gpg2 --fingerprint jqdoe@example.com

Your GPG key ID consists of 8 hex digits identifying the public key. In the example above, the GPG key ID is 1B2AFA1C. In most cases, if you are asked for the key ID, you should prepend "0x" to the key ID, as in 0x1B2AFA1C.

See now Making a Key Backup Using the Command Line. Make sure to back up your revocation keys for all active keys as this allows to revoke keys in the event of lost passphrase of key compromise.

Making a Backup

Making a Key Backup Using the GNOME Desktop

  1. Right-click your key and select Properties.

  2. Select the Details tab, and Export, next to the Export Complete Key label.

  3. Select a destination filename and click Save.

  4. Store the copy in a secure place, such as a locked container.

Making a Key Backup Using the KDE Desktop

  1. Right-click your key and select Export Secret Key.

  2. Click Export to continue at the confirmation dialog.

  3. Select a destination filename.

  4. Click Save.

Store the copy in a secure place, such as a locked container. See [exporting-gpg-keys-kde].

Making a Key Backup Using the Command Line

Use the following command to make the backup, which you can then copy to a destination of your choice:
gpg2 --export-secret-keys --armor jqdoe@example.com > jqdoe-privkey.asc

Store the copy in a secure place, such as a locked container.

Making Your Public Key Available

When you make your public key available to others, they can verify communications you sign, or send you encrypted communications if necessary. This procedure is also known as exporting.

Exporting a GPG Key Using the GNOME Desktop

  1. Right-click the key and select Sync and Publish Keys…​.

  2. Click Key Servers.

  3. Select hkp://subkeys.pgp.net:11371 in the Publish Keys To combobox.

  4. Click Close.

  5. Click Sync.

[[exporting-gpg keys-kde]] = Exporting a GPG Key Using the KDE Desktop

After your key has been generated, you can export the key to a public keyserver by right-clicking on the key in the main window, and selecting Export Public Keys. From there you can export your public key to the clipboard, an ASCII file, to an email, or directly to a key server. Export your public key to the default key server.

Exporting a GPG Key Using the Command Line

Use the following command to send your key to a public keyserver:

gpg2 --send-key KEYNAME

For KEYNAME, substitute the key ID or fingerprint of your primary keypair. This will send your key to the gnupg default key server (keys.gnupg.net), if you prefer another one use:

gpg2 --keyserver hkp://pgp.mit.edu --send-key KEYNAME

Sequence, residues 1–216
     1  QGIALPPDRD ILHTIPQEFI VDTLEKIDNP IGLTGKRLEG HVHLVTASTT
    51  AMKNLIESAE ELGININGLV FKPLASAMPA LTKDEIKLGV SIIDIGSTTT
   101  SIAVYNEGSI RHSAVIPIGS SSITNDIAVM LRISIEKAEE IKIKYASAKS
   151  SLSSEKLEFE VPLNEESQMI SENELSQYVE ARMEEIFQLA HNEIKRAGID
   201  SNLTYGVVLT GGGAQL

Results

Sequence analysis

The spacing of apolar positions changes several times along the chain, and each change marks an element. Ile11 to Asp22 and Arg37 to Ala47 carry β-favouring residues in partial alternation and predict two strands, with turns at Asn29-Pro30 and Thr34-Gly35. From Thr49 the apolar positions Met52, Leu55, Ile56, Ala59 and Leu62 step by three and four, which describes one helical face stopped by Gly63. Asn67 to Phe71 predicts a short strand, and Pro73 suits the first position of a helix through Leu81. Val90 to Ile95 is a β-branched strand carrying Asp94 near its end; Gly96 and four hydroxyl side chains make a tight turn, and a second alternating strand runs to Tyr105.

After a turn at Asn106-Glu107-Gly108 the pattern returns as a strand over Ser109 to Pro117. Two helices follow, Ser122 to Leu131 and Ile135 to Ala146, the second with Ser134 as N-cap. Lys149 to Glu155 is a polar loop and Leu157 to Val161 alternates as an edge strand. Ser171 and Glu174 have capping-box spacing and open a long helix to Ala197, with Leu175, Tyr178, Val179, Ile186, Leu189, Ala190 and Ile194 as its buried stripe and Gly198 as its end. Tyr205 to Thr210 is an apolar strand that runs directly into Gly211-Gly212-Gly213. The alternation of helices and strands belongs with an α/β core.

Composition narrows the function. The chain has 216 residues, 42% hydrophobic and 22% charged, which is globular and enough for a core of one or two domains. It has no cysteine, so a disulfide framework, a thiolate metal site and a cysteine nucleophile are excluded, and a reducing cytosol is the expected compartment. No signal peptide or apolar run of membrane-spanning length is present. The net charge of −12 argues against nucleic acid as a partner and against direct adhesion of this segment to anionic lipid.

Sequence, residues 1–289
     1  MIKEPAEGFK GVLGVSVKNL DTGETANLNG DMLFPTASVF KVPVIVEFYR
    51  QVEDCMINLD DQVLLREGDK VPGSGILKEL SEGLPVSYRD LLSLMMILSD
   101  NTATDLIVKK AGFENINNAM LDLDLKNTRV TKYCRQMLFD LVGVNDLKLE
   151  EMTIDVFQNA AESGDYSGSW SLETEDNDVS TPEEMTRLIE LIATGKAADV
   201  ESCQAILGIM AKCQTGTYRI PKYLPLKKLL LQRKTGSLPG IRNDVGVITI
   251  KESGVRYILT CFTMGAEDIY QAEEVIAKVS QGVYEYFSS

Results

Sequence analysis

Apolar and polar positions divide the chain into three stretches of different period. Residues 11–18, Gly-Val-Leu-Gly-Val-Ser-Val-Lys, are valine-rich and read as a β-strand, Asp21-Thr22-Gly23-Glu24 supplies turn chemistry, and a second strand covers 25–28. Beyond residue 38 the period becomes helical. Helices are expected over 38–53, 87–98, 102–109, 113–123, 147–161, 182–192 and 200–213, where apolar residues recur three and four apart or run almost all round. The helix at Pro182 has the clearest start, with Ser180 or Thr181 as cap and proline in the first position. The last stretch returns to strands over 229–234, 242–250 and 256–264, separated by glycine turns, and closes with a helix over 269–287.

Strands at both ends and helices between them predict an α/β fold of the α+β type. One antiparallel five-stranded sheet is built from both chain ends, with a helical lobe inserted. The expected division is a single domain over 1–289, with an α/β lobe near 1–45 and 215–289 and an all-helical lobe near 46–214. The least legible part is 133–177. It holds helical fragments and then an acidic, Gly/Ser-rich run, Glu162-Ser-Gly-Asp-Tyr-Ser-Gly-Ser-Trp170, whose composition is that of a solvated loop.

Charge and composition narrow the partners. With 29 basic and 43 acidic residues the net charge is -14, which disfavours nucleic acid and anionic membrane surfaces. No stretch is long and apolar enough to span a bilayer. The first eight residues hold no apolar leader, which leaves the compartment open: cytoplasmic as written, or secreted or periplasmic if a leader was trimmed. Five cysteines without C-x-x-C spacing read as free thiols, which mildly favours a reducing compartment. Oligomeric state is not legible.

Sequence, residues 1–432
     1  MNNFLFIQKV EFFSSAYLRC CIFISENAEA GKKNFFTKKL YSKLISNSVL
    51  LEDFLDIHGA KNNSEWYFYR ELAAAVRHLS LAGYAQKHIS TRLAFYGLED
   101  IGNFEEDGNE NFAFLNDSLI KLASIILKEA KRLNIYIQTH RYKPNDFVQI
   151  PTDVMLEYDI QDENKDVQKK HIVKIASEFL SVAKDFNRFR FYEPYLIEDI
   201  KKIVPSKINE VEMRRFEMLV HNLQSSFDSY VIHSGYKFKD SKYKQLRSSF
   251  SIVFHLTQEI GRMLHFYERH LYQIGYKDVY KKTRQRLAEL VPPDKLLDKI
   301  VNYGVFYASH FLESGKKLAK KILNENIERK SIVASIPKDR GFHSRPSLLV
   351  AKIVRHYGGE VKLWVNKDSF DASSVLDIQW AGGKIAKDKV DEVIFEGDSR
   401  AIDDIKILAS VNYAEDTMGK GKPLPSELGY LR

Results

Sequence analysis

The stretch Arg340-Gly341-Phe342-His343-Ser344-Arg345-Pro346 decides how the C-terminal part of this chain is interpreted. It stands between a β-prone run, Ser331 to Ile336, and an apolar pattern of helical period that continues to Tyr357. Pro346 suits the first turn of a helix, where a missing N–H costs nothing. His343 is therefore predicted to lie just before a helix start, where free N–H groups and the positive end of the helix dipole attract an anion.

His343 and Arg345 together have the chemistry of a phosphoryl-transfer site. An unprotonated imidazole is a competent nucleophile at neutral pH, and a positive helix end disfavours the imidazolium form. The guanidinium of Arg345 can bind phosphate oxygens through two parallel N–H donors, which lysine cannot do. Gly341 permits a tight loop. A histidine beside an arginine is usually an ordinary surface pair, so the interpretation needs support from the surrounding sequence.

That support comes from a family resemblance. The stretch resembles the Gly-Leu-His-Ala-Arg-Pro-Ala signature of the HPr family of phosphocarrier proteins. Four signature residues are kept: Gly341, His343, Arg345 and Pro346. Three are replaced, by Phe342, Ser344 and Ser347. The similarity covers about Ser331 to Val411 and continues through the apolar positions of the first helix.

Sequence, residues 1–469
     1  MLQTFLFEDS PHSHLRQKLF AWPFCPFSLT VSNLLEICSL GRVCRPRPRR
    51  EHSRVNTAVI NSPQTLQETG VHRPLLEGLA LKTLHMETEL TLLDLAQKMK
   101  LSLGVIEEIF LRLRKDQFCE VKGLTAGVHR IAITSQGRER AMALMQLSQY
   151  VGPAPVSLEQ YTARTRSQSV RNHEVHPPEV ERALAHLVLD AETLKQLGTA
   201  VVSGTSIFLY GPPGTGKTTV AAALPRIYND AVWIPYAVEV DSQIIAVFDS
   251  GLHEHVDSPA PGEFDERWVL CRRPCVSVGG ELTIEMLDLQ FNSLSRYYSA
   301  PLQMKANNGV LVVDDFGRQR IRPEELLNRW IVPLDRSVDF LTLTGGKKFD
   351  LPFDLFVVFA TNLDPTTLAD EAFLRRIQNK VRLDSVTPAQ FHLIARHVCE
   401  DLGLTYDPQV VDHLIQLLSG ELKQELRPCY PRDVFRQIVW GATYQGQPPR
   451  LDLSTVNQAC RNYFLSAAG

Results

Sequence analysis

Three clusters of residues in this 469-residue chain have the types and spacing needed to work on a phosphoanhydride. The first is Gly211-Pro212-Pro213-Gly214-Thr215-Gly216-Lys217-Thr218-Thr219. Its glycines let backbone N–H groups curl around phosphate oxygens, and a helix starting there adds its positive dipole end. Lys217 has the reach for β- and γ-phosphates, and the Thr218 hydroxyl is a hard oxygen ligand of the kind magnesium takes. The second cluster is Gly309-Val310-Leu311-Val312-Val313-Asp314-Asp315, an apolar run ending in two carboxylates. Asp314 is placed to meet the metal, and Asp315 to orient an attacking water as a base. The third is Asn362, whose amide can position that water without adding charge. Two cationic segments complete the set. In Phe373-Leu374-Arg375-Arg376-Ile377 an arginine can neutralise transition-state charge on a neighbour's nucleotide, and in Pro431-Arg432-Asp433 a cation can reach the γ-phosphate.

Replacing pgp.mit.edu with your server of choice.

Copying a Public Key Manually

If you want to give or send a file copy of your key to someone, use this command to write it to an ASCII text file:

gpg2 --export --armor jqdoe@example.com > jqdoe-pubkey.asc

Safeguarding Your Secret Key

Treat your secret key as you would any very important document or physical key. (Some people always keep their secret key on their person, either on magnetic or flash media.) If you lose your secret key, you will be unable to sign communications, or to open encrypted communications that were sent to you.

Hardware Token options

If you followed the above, you have a secret key which is just a regular file. A more secure model than keeping the key on disk is to use a hardware token.

There are several options available on the market, for example the YubiKey. Look for a token which advertises OpenPGP support. See this blog entry for how to create a key with offline backups, and use the token for online access.

GPG Key Revocation

When you revoke a key, you withdraw it from public use. You should only have to do this if it is compromised or lost, or you forget the passphrase.

Generating a Revocation Certificate

When you create the key pair you should also create a key revocation certificate. If you later issue the revocation certificate, it notifies others that the public key is not to be used. Users may still use a revoked public key to verify old signatures, but not encrypt messages. As long as you still have access to the private key, messages received previously may still be decrypted. If you forget the passphrase, you will not be able to decrypt messages encrypted to that key.

gpg2 --output revoke.asc --gen-revoke KEYNAME

If you do not use the --output flag, the certificate will print to standard output.

For KEYNAME, substitute either the key ID of your primary keypair or any part of a user ID that identifies your keypair. Once you create the certificate (the revoke.asc file), you should protect it. If it is published by accident or through the malicious actions of others, the public key will become unusable. It is a good idea to write the revocation certificate to secure removable media or print out a hard copy for secure storage to maintain secrecy.

Revoking a key

  1. Revoke the key locally:

    gpg2 --import revoke.asc

    Once you locally revoke the key, you must send the revoked certificate to a keyserver, regardless of whether the key was originally issued in this way. Distribution through a server helps other users to quickly become aware the key has been compromised.

  2. Export to a keyserver with the following command:

    gpg2 --keyserver subkeys.pgp.net --send KEYNAME

    For KEYNAME, substitute either the key ID of your primary keypair or any part of a user ID that identifies your keypair.

Additional resources

See a typo, something missing or out of date, or anything else which can be improved? Edit this document at quick-docs’s git repository.